But in 2018, Milwaukee handled less than 1,000 passengers on international cruise ships.

Several cruise companies now call on Milwaukee, with the turnaround in passenger service ramping up in 2019, with a jump to 3,300. In 2022, Viking Cruise Lines started plying the Great Lakes, with Milwaukee being an important hub. Between May and October this year, the port expects to see 10,000 cruise visitors on Viking, Pearl Seas, and other cruise lines.

Next year, Milwaukee will be the terminus of a remarkable cruise embarking from Buenos Aires, Argentina, with stops in Antarctica and then up South America’s Pacific Coast to Panama and touring the Atlantic coast before running up the St. Lawrence Seaway into the Great Lakes.


Tindall-Schlicht, who grew up 10 minutes away from the port, but worked for U.S. DOT in Washington, D.C., before returning home, speaks of the importance of resilience to Port Milwaukee. The greatest example is the port’s recovery from a once-in-a-lifetime storm which struck Jan. 10-11, 2020. Storm surge across Lake Michigan pushed six feet of icy water over 70 percent of Port Milwaukee. The director indicates the port suffered $2 million in damage overnight. With a huge push, reconstruction of the port was 95% complete within two years.

Port Milwaukee by the Numbers

Milwaukee averages handling 2.5 million tons of cargo per year. The port’s “sweet spot” is a specialty serving as a premiere distribution hub for bulk and break bulk, the director indicates.

Among the strengths is importing roadside salt, which is highly valued in the wintertime by many states of the Upper Midwest.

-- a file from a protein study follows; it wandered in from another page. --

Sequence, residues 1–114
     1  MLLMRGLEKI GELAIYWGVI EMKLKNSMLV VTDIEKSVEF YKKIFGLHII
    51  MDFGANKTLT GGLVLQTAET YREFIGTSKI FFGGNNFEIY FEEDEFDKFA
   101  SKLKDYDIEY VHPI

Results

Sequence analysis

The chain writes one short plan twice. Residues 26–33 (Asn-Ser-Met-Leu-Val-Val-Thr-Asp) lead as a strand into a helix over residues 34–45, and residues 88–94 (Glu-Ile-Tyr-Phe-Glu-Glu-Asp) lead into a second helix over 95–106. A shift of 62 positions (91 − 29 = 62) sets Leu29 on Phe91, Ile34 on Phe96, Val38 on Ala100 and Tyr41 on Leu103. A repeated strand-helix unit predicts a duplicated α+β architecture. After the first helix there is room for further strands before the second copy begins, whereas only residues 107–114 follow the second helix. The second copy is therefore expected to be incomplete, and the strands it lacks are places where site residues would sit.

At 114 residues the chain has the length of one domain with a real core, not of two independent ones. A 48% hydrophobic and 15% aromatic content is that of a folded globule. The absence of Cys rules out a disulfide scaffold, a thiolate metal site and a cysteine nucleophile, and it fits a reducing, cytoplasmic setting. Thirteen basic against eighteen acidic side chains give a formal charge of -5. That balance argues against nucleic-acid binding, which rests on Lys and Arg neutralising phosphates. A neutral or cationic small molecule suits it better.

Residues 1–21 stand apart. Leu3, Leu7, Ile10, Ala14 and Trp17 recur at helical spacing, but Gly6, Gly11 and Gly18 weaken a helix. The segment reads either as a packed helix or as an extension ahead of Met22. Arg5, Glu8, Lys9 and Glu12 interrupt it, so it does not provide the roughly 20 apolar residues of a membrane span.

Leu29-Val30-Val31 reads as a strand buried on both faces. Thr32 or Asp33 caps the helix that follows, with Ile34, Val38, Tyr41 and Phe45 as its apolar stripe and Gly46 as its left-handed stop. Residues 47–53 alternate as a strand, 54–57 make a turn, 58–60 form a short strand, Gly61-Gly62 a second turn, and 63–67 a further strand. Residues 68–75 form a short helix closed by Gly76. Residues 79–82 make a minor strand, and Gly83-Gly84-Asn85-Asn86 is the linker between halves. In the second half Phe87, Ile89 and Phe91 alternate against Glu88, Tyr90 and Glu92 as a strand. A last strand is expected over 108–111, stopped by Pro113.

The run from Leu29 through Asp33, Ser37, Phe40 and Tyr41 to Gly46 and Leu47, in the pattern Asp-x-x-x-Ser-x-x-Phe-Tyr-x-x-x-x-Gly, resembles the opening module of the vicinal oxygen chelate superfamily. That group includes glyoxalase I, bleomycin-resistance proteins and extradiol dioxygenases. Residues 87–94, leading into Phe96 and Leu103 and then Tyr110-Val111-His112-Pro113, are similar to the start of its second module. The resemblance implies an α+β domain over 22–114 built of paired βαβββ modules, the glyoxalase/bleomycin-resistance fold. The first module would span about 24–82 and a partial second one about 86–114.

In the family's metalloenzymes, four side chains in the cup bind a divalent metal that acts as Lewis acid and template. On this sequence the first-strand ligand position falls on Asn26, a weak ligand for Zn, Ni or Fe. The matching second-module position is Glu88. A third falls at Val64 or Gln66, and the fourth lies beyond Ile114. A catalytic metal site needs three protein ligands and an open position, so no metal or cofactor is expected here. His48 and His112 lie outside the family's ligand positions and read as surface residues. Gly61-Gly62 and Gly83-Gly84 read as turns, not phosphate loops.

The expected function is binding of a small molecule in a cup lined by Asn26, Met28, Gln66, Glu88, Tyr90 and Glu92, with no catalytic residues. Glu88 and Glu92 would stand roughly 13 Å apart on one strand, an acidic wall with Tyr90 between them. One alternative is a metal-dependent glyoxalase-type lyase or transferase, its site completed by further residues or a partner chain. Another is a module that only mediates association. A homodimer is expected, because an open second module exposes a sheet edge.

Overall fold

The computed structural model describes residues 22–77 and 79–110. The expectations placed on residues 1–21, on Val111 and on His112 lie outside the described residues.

Tindall-Schlicht, who in June 2022 was appointed to the Maritime Transportation System National Advisory Committee, said his port provides a valuable service in imports and exports from America’s heartland, the largest cities in the Upper Midwest and the vast expanse of south-central Canada.

“We have a strong working relationship with an array of manufacturers and ag sector customers,” said Tindall-Schlicht. “I credit the Port’s staff and stevedores for our reliable, safe, and effective operations.”

Milwaukee is a deep-water port serving Seawaymax vessels (a maximum draft of 26 feet, six inches) in 16 berths. The port also has two dedicated barge berths with drafts more than 18-feet.

Port Milwaukee is the northernmost Lake Michigan port approved to serve the Mississippi River inland waterway system with direct river barge access to the Illinois River. This is a vital connection between U.S. ports on the Gulf of Mexico and the Great Lakes region.

Tindall-Schlicht indicates that Milwaukee is Wisconsin’s second-largest port, trailing only Duluth-Superior. He describes it as a consistently performing medium-sized Great Lakes port. The Great Lakes has 100 ports lining Canadian and U.S. shores.

From 2018 to 2019, the port’s tonnage grew 11 percent. Even through the Covid pandemic of 2019-2020, Port Milwaukee’s business grew five percent.

In 2020 Milwaukee enjoyed almost 2.5 million tons of cargo. That volume was maintained in 2021.

Port Milwaukee is served by two Class I railroads, the Union Pacific (UP) Railway and the Canadian Pacific (CP) Railway. Both UP and CP provide direct pier delivery at all Port facilities as well as necessary switching services daily. Port Milwaukee additionally owns and maintains 14 miles of its own rail track, providing continuous service and connectivity to UP and CP.

Port Milwaukee is 75 miles north of Chicago and 1,021 nautical miles from Montreal, Quebec with a transit time by water from Montreal of about 4.5 days.